Bell Curve The Law Talking Guy Raised by Republicans U.S. West
Well, he's kind of had it in for me ever since I accidentally ran over his dog. Actually, replace "accidentally" with "repeatedly," and replace "dog" with "son."

Thursday, July 07, 2011

The Republican Crisis

There is an article in The Economist (see link here), in which they lay the blame for the failure to resolve the deficit reduction dispute (and the related debate about the debt ceiling) squarely at the feet of the Republican Party and their refusal to consider tax increases as part of the response to the current accounts problem. This is surprising because The Economist is normally squarely on the right side of the political spectrum with regard to fiscal and economic policy. I would go further than The Economist though. I would say that not only is the Republican Party responsible for failing to solve the problem, they are responsible for creating it in the first place. Furthermore, the lack of sophistication among the national press corps has allowed the Republicans to frame the situation as an existential crisis by making baseless comparisons between the US debt and Greece's debt. At the same time, there is very little coverage of how low our tax rates are relative to other industrialized countries and relative to our own past.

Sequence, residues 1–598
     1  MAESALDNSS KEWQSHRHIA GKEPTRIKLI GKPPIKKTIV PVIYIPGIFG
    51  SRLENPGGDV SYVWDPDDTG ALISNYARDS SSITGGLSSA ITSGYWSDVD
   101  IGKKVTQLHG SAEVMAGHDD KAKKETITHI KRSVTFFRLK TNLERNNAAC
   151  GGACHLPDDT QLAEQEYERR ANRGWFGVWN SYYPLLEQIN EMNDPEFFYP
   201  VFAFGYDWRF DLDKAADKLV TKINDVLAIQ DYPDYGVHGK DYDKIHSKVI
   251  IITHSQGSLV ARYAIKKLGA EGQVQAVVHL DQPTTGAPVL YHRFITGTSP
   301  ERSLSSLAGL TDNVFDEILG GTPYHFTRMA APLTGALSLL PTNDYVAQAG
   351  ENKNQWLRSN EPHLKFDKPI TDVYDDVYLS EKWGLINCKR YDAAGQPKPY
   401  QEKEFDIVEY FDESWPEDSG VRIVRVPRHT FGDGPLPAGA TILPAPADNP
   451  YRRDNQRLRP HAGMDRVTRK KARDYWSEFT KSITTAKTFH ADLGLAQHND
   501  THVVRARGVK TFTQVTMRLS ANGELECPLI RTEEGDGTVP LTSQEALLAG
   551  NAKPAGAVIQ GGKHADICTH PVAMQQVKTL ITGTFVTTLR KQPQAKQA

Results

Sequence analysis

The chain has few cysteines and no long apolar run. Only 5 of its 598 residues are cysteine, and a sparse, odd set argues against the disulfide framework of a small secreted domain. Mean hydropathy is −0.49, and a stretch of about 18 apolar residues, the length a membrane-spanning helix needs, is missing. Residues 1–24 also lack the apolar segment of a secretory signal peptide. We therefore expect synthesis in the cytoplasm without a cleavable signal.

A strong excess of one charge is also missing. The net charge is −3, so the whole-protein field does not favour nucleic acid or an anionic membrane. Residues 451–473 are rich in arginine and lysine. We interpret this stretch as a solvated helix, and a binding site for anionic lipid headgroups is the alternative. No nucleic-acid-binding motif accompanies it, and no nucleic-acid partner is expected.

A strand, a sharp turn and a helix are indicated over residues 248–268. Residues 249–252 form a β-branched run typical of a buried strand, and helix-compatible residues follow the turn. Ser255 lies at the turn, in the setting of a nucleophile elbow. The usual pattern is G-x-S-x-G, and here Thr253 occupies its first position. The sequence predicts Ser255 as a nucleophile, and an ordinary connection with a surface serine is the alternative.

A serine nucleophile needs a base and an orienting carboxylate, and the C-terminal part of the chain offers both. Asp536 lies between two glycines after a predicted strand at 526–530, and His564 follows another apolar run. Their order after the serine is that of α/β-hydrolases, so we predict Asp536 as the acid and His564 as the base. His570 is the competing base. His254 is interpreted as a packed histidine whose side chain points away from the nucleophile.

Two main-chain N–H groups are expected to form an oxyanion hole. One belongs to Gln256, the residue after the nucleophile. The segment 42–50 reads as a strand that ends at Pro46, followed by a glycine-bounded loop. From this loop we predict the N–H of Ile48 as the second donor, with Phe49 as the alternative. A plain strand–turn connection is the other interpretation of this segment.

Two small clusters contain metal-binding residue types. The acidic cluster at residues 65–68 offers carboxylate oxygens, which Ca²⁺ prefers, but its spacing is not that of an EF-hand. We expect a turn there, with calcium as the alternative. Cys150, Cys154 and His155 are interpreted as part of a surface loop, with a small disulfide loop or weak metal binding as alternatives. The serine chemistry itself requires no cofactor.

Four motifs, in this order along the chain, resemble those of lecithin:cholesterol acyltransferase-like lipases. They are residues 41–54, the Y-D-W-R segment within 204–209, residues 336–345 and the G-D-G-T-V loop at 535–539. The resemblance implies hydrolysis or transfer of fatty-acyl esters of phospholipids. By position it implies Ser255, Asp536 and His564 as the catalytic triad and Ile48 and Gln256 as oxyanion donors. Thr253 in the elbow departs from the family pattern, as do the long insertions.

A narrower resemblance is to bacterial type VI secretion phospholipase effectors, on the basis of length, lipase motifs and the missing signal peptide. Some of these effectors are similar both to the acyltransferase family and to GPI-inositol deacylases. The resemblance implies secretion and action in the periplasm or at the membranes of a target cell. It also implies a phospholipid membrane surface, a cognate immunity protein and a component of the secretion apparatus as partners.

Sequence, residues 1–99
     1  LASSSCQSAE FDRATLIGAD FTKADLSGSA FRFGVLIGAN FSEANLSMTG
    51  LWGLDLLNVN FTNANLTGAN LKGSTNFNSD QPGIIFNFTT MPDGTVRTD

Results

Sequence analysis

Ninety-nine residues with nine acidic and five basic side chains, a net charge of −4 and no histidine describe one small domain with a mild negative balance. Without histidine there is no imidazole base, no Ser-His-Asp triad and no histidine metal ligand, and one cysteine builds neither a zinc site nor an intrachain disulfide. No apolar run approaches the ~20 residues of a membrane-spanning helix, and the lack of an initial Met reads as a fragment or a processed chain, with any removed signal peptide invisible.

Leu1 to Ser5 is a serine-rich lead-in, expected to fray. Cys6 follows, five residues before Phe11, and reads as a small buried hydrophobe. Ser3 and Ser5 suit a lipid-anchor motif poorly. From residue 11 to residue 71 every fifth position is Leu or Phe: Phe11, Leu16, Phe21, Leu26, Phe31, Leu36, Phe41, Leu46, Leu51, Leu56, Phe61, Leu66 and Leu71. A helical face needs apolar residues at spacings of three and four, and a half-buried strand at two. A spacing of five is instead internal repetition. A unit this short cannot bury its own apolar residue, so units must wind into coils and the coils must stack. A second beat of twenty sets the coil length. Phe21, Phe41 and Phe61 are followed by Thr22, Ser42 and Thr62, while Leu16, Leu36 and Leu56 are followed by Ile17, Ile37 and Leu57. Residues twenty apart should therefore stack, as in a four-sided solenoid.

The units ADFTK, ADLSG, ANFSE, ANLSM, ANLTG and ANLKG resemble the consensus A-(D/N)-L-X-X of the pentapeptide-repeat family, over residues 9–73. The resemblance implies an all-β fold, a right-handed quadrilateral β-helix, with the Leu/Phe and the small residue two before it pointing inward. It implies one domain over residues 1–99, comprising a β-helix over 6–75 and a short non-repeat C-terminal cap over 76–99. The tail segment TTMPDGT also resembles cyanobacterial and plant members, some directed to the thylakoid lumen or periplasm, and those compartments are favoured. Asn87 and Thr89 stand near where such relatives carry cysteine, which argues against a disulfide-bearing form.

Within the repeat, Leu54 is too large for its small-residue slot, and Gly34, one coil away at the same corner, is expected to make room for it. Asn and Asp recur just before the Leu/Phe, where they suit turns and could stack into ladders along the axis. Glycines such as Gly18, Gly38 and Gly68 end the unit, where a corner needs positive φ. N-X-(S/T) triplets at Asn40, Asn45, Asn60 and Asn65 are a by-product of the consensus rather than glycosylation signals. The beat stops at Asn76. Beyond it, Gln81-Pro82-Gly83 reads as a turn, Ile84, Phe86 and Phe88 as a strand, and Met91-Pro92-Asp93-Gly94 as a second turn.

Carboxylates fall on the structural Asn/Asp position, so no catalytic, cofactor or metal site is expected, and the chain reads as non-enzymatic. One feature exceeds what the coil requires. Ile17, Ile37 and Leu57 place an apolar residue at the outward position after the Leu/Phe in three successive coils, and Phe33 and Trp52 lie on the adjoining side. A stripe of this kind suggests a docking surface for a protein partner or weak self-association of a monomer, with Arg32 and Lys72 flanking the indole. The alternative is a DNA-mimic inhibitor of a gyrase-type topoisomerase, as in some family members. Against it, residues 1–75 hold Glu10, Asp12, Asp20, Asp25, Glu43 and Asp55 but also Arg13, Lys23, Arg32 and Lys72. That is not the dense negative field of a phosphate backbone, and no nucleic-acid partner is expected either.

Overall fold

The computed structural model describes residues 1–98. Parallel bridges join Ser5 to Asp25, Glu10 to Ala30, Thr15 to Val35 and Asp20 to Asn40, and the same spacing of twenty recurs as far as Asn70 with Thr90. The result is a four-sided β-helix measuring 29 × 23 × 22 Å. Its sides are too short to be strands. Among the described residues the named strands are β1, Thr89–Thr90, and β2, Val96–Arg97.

According to The Economist article above, US tax receipts as a share of GDP is around 15%. To put this in perspective, I looked at the tax receipts data from the OECD (see data sheet here). The numbers from the OECD are a little different than those quoted in The Economist. OECD says that tax revenues as a share of GDP are at about 24%. According to the OECD, 24% is the lowest share of the national economy taken in taxes in the USA since 1965 (the first year for which data is reported in the table). What's more, 24% is among the lowest share of GDP taken in taxes for any OECD country since 1965! Only relatively poor OECD members such as Chile, Korea, Portugal and Turkey have lower tax/GDP ratios in their history. What's more, these countries' lowest tax/GDP ratios occurred when they were better considered as developing countries than wealthy industrialized countries (and in the cases of Chile, Korea and Turkey largely before they were democracies). Many of the countries that have similar or superior growth rates to the US tax their economies more heavily. So contrary to Republican rhetoric, we are not over taxed by any meaningful measure. At the same time, Republicans are also on thin ice when they argue that increasing our tax rates will undermine the overall economic health of the country.